Some new mortgages finding favor with buyers

The 15-year, fixed-rate home mortgage is gaining new strength.

There has been strong buyer interest in 15-year Federal Housing Administration and Veterans Administration loans, as well as conventional loans, according to Tom Collins of Allstate Enterprises Mortgage Corporation, Deerfield , Ill.

''At today's rates,'' Mr. Collins says, ''this is probably the best deal a buyer can find.'' Because of the shorter payback period, the owner's equity in the house increases rapidly, he adds.

Some of the more unusual mortgage plans available, which buyers often perceive as risky, have not gone over well in the marketplace. Craig Foster of Foster & Foster, Acton, Mass., says: ''We see a conservative wave going through the market. The bells and whistles in financing plans aren't attracting many people.''

One plus of the 15-year plans is that the interest rate is fixed.

The 15-year programs are most popular when interest rates are high, however. Under those conditions, the monthly payment may be roughly comparable to a 30 -year plan. On a $50,000 loan with the interest at 16 percent, for example, the monthly payment for a 15-year mortgage (principal and interest) is $721.32, compared with $672.38 for a 30-year plan.

Thus, the buyer can save a lot of money in interest payments.

On the other hand, as interest rates drop, the difference in payment grows. At 13 percent, the monthly payment for a comparable 30-year loan is $572.71, whereas a 15-year plan costs $632.62. At the end of five years, $49,131.79 would remain on a 30-year mortgage, while $42,369.52 would be left on the 15-year option.

Assuming interest rates dropped even more, the 15-year plan would look increasingly unattractive compared with a 30-year mortgage, according to Mr. Collins.

Allstate also offers a 15-year, graduated-payment mortgage for buyers who can't initially afford the monthly costs of a regular 15-year plan. This option has graduated payments for the first four years, but there is no negative amortization, where payments are insufficient to reduce the principal balance of the loan.

Another program that is gaining in popularity is the growing equity mortgage (GEM), in which payments increase 4 percent a year throughout the term of the loan. The additional amount of payment is applied to the principal of the loan.

The catch, of course, is that a home buyer has to anticipate a rise in income over the next several years. The appeal is often to first-time buyers, who need lower payments in the first few years of the mortgage.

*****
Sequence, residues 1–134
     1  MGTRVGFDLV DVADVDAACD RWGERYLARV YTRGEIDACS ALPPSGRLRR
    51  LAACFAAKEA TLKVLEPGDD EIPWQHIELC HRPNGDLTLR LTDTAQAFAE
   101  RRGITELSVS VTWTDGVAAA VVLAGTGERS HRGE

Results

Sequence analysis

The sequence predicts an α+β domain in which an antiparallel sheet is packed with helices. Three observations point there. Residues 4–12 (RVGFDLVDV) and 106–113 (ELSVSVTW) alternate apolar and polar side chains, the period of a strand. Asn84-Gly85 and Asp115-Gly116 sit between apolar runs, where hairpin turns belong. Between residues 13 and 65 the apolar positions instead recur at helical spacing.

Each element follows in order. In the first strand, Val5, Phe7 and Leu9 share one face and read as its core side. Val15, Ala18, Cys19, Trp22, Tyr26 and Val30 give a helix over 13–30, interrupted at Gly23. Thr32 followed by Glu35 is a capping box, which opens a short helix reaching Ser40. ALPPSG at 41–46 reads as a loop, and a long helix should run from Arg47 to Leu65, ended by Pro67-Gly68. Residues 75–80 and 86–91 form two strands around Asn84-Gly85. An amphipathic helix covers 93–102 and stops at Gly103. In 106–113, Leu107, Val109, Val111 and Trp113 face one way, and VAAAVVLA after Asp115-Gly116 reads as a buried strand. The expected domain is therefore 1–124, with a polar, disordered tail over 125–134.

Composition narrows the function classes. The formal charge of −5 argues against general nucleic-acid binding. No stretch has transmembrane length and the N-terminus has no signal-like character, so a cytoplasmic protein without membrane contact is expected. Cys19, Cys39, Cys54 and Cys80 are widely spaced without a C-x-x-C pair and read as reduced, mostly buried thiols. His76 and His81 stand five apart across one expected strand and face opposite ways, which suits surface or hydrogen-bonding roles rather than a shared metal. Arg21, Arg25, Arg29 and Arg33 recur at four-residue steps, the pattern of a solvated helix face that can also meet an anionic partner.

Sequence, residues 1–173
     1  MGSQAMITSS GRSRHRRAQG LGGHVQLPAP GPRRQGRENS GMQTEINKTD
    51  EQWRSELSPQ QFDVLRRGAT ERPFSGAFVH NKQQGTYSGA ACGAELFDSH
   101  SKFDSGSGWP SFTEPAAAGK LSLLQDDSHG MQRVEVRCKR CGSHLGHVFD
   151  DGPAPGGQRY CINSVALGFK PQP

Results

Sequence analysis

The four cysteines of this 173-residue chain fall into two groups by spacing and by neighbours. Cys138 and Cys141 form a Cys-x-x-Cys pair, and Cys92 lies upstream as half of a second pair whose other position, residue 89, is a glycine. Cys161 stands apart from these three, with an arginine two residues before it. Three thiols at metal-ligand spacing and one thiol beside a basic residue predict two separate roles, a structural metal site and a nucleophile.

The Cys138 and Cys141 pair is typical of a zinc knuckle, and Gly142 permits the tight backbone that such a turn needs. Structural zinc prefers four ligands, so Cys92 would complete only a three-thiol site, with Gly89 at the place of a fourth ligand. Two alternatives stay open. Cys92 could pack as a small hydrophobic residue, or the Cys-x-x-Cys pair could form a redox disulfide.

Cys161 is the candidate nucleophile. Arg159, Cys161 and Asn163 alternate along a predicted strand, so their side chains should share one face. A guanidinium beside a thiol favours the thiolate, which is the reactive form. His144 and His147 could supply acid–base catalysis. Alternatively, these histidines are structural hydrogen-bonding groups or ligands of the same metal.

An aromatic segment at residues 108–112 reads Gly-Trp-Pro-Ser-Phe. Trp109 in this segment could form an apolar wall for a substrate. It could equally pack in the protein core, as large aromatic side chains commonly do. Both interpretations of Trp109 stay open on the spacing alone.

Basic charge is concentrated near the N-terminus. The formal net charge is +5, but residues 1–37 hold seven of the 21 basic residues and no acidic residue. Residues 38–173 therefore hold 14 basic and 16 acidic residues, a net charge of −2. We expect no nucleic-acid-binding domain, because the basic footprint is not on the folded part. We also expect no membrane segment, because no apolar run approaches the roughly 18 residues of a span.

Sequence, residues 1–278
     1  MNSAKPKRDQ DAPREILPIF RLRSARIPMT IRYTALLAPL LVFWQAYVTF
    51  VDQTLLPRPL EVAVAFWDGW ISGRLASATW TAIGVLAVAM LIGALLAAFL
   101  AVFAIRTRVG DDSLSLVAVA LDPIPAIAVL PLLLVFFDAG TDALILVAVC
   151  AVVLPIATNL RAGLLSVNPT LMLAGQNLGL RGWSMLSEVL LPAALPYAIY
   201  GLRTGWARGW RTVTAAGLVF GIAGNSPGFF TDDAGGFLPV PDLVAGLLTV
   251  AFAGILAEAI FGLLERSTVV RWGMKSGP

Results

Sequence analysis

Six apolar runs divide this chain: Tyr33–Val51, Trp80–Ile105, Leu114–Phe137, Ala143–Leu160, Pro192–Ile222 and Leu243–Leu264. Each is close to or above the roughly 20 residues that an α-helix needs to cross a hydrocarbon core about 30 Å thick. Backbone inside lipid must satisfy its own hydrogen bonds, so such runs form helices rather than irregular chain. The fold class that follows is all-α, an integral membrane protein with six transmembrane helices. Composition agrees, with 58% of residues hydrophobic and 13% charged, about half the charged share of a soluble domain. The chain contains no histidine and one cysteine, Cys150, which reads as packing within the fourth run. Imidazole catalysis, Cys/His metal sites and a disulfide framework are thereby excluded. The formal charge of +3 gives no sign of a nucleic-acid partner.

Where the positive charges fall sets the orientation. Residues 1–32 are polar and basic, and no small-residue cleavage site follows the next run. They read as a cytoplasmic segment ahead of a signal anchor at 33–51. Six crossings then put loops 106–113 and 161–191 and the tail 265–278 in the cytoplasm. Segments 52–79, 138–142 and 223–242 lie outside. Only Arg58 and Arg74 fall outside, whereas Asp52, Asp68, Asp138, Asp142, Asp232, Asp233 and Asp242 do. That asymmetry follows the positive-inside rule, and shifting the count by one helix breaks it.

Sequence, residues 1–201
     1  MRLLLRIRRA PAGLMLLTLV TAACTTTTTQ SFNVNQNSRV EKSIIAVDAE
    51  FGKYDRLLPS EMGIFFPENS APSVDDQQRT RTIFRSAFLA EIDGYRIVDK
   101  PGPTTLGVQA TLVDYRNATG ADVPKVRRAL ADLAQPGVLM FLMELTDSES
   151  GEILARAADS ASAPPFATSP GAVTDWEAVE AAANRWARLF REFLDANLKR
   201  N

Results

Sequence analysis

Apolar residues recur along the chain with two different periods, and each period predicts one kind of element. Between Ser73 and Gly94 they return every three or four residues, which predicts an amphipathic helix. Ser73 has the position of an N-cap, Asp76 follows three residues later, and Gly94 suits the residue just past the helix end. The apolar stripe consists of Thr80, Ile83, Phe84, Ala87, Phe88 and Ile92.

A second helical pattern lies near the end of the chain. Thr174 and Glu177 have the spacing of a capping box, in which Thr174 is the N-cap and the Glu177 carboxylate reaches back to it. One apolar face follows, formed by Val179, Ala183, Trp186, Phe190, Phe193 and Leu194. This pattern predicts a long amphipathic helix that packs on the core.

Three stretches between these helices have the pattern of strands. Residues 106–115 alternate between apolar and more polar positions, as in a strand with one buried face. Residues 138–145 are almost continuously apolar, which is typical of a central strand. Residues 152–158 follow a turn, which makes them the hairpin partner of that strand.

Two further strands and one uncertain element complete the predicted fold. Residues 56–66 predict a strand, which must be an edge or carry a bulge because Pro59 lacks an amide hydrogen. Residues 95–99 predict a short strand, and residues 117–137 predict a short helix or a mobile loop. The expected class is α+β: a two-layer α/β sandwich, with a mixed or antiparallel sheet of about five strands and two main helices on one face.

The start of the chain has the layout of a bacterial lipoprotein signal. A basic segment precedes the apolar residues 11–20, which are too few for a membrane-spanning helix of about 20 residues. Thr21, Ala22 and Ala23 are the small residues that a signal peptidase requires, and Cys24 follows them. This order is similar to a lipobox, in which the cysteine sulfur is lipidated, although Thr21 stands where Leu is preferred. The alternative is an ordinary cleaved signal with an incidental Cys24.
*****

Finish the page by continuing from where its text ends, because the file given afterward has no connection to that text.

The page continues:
''This is not an option for the fixed-income consumer,'' points out Donald Campbell at the Federal National Mortgage Association, also known as Fannie Mae. ''It's definitely geared to the consumer who knows his income will go up.''

While some buyers cannot anticipate this rise in income, the GEM was considered the second-most-popular option for consumers after a fixed-rate, 30 -year mortgage, according to a recent Fannie Mae survey. The prospective buyer can know exactly what his payments will be each year. Also, there are no risks, such as those of the balloon mortgage, for example, which comes due in a short three to five years.

Mr. Foster says ''the GEM makes a great deal of sense, especially in terms of a young market with two incomes.'' He points out that it would not be of as much interest to a transferee or a trade-down ''empty nester.''

The strongest merit of the GEM is the savings in interest over a fixed-rate loan. On a $100,000 mortgage, for example, where the rate is 12.5 percent, the first year's monthly payment is $1,090.35, the same as a 30-year, fixed-rate mortgage. By the seventh year of the mortgage, a GEM payment rises to $1,379.63. At that time the balance left on the 30-year mortgage would be $93,512.84, whereas under the GEM program only $78,010.74 would remain.

By the 13th year, in which the GEM mortgage can be paid off, the monthly payment would be $1,745.68. The balance remaining on the 30-year mortgage, on the other hand, would be $81,137.76. The total interest paid on the GEM is roughly half that of the 30-year plan.

Collins points out that anyone can turn a 30-year, fixed-rate mortgage into a GEM simply by raising the payments 4 percent annually of his own accord. The advantage, he says, is that if money gets tight, the buyer can simply revert to normal payments.

While he will not get the advantage of a lower interest rate, he will save considerably in interest costs.

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